She did everything she could to motivate the others to join her. “I understand the darkness is scary, you guys, but I promise, you’ll adjust to it.”

“You know that I know that you know what you’re doing in the dark, but whatever kind of ship this is feels huge! How are we gonna find our way out?” Delila asked.

“If we can just get that door open, I know I can at least get us to the deck. I remember exactly how many steps down every hallway, up every stair, and I think we have a real chance.”

Delila took a deep, audible breath in, slowly exhaled out, and responded boldly, “Okay, let’s get that sucker open, then.”

“I know how to get the door open,” Lizzie announced.

“How?” Delila asked.

“The man that’s been guarding the door seems to like me. Maybe I can get him to just let us out,” Lizzie explained.

“What if someone else is there today?” asked Alissa. She was the most unwell of all the girls, having been held captive in the harsh conditions the longest.

“I’m pretty sure he’s there. I can smell the sickening sweetness of his cigars seeping in around the door,” Lizzie responded.

“It’s worth a try. Hopefully he listens to reason, but if he doesn’t, there’s four of us, four metal chairs, and one of him,” Neela said.

“Neela!” Delila said, in disbelief of her friend’s newly aggressive disposition.

“We’ll overpower him—we have to,” Neela asserted.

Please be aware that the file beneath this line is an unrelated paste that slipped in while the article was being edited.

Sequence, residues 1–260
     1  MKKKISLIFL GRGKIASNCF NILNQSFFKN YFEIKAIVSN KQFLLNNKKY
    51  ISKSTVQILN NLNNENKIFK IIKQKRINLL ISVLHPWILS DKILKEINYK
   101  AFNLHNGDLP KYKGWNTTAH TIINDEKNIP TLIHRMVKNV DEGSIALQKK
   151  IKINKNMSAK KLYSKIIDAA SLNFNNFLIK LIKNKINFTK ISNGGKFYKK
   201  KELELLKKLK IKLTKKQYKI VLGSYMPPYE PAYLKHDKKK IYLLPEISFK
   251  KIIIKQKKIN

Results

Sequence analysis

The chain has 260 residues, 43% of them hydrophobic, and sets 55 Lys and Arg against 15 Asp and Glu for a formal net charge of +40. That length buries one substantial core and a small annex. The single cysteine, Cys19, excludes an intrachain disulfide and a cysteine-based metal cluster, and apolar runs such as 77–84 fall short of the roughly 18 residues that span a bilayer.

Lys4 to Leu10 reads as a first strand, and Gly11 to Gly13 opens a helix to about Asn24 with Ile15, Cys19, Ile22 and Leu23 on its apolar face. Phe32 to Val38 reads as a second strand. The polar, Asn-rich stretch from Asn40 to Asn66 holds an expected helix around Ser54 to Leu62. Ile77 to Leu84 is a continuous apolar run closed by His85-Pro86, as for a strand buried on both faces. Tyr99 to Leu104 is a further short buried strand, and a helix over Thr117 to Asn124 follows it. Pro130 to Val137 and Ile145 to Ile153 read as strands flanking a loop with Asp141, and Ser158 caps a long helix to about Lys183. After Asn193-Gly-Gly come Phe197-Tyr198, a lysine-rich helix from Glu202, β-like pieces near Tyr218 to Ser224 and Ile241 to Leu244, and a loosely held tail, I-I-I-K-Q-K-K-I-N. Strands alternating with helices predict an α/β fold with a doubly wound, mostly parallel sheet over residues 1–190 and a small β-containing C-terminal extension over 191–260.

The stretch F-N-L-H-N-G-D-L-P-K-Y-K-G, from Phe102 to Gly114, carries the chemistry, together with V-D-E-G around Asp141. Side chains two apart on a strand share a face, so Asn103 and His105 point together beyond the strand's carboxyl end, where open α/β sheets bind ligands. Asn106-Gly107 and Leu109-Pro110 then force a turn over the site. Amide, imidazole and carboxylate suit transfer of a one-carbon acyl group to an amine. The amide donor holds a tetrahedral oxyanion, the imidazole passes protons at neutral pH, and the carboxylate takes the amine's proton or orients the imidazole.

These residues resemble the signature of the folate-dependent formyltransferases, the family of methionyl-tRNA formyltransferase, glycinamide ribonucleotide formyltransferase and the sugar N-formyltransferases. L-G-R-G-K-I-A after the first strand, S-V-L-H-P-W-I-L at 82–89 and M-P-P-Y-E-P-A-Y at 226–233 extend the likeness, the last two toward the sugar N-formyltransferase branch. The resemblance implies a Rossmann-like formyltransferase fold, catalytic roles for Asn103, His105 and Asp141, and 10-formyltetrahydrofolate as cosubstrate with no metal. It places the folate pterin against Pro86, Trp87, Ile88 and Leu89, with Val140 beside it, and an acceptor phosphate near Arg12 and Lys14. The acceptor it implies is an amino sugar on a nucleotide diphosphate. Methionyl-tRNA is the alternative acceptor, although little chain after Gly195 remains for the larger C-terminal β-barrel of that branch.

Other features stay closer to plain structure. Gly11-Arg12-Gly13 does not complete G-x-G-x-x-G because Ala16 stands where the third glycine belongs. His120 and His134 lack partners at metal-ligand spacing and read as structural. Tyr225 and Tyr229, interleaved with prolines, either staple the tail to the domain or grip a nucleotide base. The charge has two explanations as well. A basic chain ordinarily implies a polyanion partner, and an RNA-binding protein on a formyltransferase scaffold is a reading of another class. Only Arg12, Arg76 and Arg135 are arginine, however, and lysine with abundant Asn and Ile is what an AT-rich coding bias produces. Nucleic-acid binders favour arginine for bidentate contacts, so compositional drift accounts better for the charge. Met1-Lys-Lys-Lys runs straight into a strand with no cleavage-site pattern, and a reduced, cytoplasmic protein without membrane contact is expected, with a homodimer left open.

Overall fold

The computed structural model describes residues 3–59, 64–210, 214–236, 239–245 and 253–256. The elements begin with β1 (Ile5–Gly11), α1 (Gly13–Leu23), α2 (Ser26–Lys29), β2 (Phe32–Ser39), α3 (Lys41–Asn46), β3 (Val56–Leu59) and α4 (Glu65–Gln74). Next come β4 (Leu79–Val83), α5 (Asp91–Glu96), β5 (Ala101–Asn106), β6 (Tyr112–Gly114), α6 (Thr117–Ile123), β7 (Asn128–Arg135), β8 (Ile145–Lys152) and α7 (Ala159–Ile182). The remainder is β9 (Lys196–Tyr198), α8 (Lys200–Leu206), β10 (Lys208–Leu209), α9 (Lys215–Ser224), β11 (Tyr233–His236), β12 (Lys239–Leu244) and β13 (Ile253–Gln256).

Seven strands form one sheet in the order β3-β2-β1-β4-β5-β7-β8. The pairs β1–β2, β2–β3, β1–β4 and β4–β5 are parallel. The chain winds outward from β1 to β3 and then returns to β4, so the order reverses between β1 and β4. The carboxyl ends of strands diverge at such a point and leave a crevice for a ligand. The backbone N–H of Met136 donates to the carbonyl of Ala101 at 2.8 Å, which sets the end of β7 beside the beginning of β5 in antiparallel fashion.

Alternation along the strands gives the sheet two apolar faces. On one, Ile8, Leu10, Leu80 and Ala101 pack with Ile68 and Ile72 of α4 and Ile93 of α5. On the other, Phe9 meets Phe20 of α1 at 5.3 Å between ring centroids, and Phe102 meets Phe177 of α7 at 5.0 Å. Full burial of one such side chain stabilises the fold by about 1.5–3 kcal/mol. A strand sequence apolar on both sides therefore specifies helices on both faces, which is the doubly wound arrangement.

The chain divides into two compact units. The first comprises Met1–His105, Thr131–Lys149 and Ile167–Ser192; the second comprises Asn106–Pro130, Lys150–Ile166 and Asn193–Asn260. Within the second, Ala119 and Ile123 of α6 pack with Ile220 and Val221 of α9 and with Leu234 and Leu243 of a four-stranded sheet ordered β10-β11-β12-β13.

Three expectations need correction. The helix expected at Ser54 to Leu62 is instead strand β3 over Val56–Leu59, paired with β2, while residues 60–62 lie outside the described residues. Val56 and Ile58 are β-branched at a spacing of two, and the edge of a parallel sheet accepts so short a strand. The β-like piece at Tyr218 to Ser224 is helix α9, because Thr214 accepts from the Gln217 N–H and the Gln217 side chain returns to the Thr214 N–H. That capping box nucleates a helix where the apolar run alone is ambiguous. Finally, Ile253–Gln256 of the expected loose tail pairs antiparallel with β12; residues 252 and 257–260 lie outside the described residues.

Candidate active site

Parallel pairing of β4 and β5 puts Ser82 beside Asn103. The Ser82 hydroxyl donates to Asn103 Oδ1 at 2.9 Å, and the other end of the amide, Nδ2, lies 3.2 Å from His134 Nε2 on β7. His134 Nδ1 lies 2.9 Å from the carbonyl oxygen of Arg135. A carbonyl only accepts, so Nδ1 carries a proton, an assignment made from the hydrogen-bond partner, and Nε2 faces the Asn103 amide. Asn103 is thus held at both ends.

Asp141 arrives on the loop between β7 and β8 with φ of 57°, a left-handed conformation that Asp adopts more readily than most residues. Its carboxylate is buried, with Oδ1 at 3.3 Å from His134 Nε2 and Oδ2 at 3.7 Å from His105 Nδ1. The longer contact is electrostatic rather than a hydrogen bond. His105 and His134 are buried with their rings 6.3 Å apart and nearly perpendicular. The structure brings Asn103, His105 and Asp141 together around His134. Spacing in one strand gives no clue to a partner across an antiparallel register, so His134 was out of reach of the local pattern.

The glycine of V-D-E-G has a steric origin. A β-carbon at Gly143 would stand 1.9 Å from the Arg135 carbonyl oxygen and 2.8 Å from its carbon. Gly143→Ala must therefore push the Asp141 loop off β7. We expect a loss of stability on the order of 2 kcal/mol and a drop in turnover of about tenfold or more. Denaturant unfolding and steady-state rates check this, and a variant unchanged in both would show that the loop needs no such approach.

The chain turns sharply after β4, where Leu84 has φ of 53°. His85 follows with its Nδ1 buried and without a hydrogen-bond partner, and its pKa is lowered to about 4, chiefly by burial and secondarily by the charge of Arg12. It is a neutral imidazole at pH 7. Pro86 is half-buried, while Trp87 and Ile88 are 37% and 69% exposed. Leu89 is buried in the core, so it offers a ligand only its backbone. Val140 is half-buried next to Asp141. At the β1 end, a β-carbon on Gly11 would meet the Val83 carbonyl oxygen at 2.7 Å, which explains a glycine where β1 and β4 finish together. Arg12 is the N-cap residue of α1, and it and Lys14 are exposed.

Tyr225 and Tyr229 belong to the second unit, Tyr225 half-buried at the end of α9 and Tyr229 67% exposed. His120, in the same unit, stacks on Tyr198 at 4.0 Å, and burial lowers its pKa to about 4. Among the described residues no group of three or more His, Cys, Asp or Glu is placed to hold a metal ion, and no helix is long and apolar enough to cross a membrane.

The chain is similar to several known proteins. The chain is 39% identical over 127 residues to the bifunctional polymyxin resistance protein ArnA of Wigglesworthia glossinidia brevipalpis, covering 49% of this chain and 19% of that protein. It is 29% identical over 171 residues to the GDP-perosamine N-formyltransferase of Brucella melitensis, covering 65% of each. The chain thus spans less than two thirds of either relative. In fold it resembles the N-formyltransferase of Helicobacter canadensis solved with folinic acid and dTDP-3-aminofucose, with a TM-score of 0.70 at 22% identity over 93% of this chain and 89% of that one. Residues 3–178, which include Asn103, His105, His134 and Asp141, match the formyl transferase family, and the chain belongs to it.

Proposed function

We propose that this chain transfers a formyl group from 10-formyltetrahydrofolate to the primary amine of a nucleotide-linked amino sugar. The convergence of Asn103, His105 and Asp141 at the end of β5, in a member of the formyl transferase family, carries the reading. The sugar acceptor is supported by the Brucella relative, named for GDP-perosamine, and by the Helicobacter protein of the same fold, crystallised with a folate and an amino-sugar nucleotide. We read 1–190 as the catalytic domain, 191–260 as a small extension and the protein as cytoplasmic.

“I can’t,” Alissa said.

Neela could understand her fear, but she also knew the chances of their survival would dwindle with time. She tried to encourage her. “Yes, you can, Alissa. We’ll do it together. It’s the only way.”

“I’ll just stay here.”

“No, we have to do it together.”

“You don’t know what it’s like when you get them angry.”

“We’re not leaving you behind to suffer here alone. We are going to get out of here or die trying. I refuse to spend whatever time I have left in this horrible place. I know I can get us to the deck and that together we have a good chance of making it home from there.”

“And what if they catch us?” Alissa asked.

“I don’t know, but if we stay here, they’ll for sure hurt us when we get to wherever we’re going,” Neela responded.

Alissa thought about it for a moment before responding. “I think there’s a small life preserver on the starboard side of the ship. They had me on the deck for a few days before they moved me down here.”

“That’s the spirit! To the starboard side of the deck we go, ladies,” Neela said with the fabricated enthusiasm typically reserved for story hour.

They folded up their chairs, held onto them tightly, and stacked up at the door as Neela instructed. Lizzie knocked gently in a pattern she had obviously used before to identify herself. No response for several minutes heightened the anxiety in the room to a palpable state. She tried her signature knock again. The smell of smoke grew heavier. They all tried to remember to breathe as they heard the wheel lock slowly turn.